Considering only the PG, we found a disagreement between the results obtained by either culture or molecular-based investigations at different sampling hours. This discrepancy has previously been highlighted in water, suggesting that a single sampling would not provide a realistic estimation of Legionella risk . Even if culture-based investigation is considered the conventional method for air sampling, the present study demonstrates that it underestimates the actual number of viable microorganisms, such as Legionella. In fact, this organism is already difficult to isolate from water systems by standard culture-based techniques when biofilms and/or amoebae are present; therefore, it becomes difficult to detect in the air. Standard cultivation methods for the quantification of Legionella are time consuming and labor-intensive, and could be affected by stresses arising during aerosolization of microorganisms leading to a loss of their culturability . Currently, rapid and alternative molecular techniques must be used in combination with culture-based techniques to specify and quantify Legionella in the air. Molecular methods, especially those based on PCR, have some important advantages such as the ability to provide results in a few hours and to detect all forms of Legionella (alive, viable but not culturable, membrane compromised bacteria, etc.) .
To the best of our knowledge, this is the first study in which real-time PCR was used to analyze liquid collected by Coriolis®μ to detect aerosolized Legionella, and showed a larger number of positive results with respect to all culture-based methods (p < 0.05). These data are consistent with the results of other investigations , and suggest the existence of a fraction of Legionella that have enough intact DNA to be detected by molecular methods within three hours, but are not able to replicate on agar medium within 10 days. Therefore, real-time PCR could be considered a relevant tool for auto-controls and rapid monitoring of installations at risk of Legionella infection (e.g., cooling towers, hot water supply networks), with quantitative results expressed in numbers of Legionella cells (GU). However, replacement of culture-based methods by molecular methods is still ongoing because molecular-based methods do not consider cell viability and can therefore overestimate the risk of Legionella infection. To address these concerns, real-time PCR could be combined with measurements of viability such us DNA pre-treatment with ethidium monoazide (EMA) viable dye and propidium monoazide (PMA) [21,35,37].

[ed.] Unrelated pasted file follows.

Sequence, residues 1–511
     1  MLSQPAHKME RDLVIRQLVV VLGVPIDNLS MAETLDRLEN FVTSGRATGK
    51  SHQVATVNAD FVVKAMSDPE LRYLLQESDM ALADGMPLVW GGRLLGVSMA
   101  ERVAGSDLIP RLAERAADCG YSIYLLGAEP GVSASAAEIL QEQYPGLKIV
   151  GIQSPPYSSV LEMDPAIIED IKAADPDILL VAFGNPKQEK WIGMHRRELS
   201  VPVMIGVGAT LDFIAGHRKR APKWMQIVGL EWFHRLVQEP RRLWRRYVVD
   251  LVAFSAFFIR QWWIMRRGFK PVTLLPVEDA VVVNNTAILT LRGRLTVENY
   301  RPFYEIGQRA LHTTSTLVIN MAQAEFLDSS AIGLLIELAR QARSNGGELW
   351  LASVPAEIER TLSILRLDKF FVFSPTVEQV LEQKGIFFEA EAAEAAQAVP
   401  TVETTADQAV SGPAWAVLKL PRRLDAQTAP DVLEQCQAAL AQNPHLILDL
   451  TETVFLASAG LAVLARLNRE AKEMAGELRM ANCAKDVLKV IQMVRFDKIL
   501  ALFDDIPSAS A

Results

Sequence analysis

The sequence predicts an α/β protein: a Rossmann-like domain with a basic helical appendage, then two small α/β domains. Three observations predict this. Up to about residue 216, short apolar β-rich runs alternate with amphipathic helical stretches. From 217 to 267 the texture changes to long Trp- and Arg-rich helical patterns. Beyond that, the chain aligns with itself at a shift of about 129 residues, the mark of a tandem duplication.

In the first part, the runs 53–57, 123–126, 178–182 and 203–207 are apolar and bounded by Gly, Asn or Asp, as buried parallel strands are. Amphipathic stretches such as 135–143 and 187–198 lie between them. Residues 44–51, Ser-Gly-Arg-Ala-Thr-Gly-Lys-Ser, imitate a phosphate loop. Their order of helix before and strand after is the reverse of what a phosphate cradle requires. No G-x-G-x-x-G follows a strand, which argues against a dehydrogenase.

Our results show that detection of Legionella in the air cannot be used to replace water sampling because the absence of the microorganism from the air does not necessarily indicate the absence of water contamination. Nevertheless, air sampling may provide useful information for risk assessment. The liquid impingement technique combined with real-time PCR appears to have the greatest capacity for collecting and detection of airborne Legionella. Sampling can be improved by varying details of the culture-based investigation (sampler position, time, culture media, buffers, etc.). Indeed, this is necessary to enable a more accurate assessment of the risk posed by airborne Legionella. Overall, the results of this study indicate that molecular investigations could provide useful support to future research in cases of negative culture-based results, and to define a standardized sampling protocol.
The authors thank the GISIO-SItI, AIA and SIMPIOS working groups for the precious collaboration. Moreover, the authors are grateful to BioRad Laboratories, Italy, and Bertin Technologies, France, for the valuable scientific and technical support provided throughout the study.
Maria Teresa Montagna, Osvalda De Giglio, Marcello Mario D'Errico, Matteo Moro, and Cesira Pasquarella conceived and designed the experiments; Maria Teresa Montagna, Osvalda De Giglio and Cesira Pasquarella wrote the paper; Claudia Pacificoand Christian Napoli performed data statistical analysis; Maria Teresa Montagna and Maria Luisa Cristina contributed reagents/materials/analysis tools. All authors performed the experiments, analyzed results and contributed to the revision of the final manuscript.
The authors declare no conflict of interest.